I didn’t exactly go anywhere new or exciting that I haven’t written about before, but the city looks pretty different in the snow.  It was interesting to visit places that are packed with people in the summer that are completely dead in winter.  For example, the viewpoint for the Presidential Palace usually has people walking around, especially in the park right before the stairs, but today it was only me and a security guard.  I saw maybe ten people total walking outside in the park between Khan Shatyr and Ak Orda.  I will say that I had to melt ice off of my face a few times, but it really didn’t feel that cold outside when walking in the sun.  Most everywhere is plowed or shoveled down to the cement, though I did have to trudge through knee deep snow near the Pyramid when I was trying to find a good view.  Anyway, here are some pics of Astana in the winter as a brief update before I catch up on writing about my trips to southern Kazakhstan and Turkey.

I thought these looked stupid in the summer, but I see why they are here after walking by in winter – so much cooler

Snow plows in clearing the plaza in front of Ak Orda

The Pyramid looks impressive surrounded by white

The city skyline in the distance beyond some natural snow drifts near the Pyramid

Hazret Sultan Mosque is even prettier in the snow

The street in front of Independence Square contrasts the blue of the sky and surrounding buildings

Exploring Astana – Visiting the National Museum of Kazakhstan and Bayterek Tower

(Note: I wrote this on the day it took place but didn’t post it for the sake of keeping things in order)

Today I set out to explore the city on my own, with the primary goal of visiting the National Museum.  I set off in the early afternoon so traffic would be mild and the buses not so crowded, since standing while taking a bus across the city is a pain in the butt.  Both of my bus ride hopes were fulfilled when I got on, and everything went well until the bus made an unexpected detour in the opposite direction of where I was going because of some surprise construction work.  I managed to get off at a bus stop well beyond the US Embassy and slowly made my way back toward the museum, and what was supposed to be a quick walk across the park to the entrance became a mile and a half of walking – but hey, what better way to get more acquainted with the city?

Since I had to take the long way around, I figured I may as well take my time and photograph the stunning Hazret Sultan Mosque, since I had all my camera gear with me and nowhere to be in a hurry.  There were more flowers and greenery there since my previous visit a few weeks ago, and there were families walking around the park and taking photos of themselves with the mosque.  If you look closely, you can see the elements of Kazakh traditional design within the architectural elements of the building.  I find it fascinating how religious architecture in this city manages to incorporate local art into the designs on and within their walls.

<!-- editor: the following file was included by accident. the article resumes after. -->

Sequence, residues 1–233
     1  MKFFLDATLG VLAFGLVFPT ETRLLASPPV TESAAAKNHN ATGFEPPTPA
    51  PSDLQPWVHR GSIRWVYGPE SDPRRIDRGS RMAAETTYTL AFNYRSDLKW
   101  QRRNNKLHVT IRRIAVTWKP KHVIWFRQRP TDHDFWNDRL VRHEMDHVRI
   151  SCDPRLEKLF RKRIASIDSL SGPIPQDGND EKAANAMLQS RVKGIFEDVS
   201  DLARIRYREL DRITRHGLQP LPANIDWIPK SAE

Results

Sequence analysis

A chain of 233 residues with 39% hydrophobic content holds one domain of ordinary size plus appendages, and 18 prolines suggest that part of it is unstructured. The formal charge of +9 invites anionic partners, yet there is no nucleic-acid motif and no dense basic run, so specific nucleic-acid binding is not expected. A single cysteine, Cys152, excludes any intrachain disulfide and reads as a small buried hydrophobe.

Admiring the architectural details

Colorful minaret

I made my way toward the museum by walking across Independence Square, a giant plaza with a huge pillar in the center called the Kazakh Eli monument, a symbol of Kazakh independence and progress (information I found out while writing this post as I came across an infographic about the plaza when trying to figure out what the place was called).  The plaza is so big and there are so few people in it at any given time that it almost feels almost eerie.  The only other people who were there were other tourists who seemed to be on break from some kind of conference.

One of the buildings in the square

The National Museum

Cool fountain in front of the museum

Eventually I made it to the brand new National Museum of the Republic of Kazakhstan, which was opened in 2014 and has an impressive 4 floors of exhibits with eleven giant halls for exhibits. The museum employees speak English and there is even a student discount on the already low ticket prices (I paid less than $2 to see everything).  It does cost an extra $1.50 to take photos in the museum, but when the ticket is only $2-4.50 total, it really isn’t that much extra for those who want to use a camera.  I spent probably 3 hours in the museum, wandering through the exhibits which range from the Hall of Gold (which holds the famous Golden Man artifacts), History of Kazakhstan, and even modern Kazakh art.  The collections are very well rounded for being only 2 years old, and I’ll probably return to see everything again in the near future.

Museum lobby

Inside a replica Yurt

The hall of history

Model of a kurgan excavation

The famous Golden Man

After leaving the museum and realizing my immense hunger, I took the bus to Keruen Mall and grabbed a döner meal for $4 before wandering into the park which marks the center of Astana’s Left Bank.  Since the Artfest entries were still up, I decided to wander around the park and see the newest pieces.  As I was wandering around Bayterek, the grey cloudy skies opened up to a vibrant blue – which led me to make an impromptu visit to the observation tower in Bayterek.  As I walked toward the entrance, I randomly heard the sound of Single Ladies by Beyonce playing in the park ahead of me, and when I looked up I saw a woman dressed as a Mongol Warrior dancing to the music, in what is so far the most bizarre thing I’ve witnessed in Astana.dsc_0258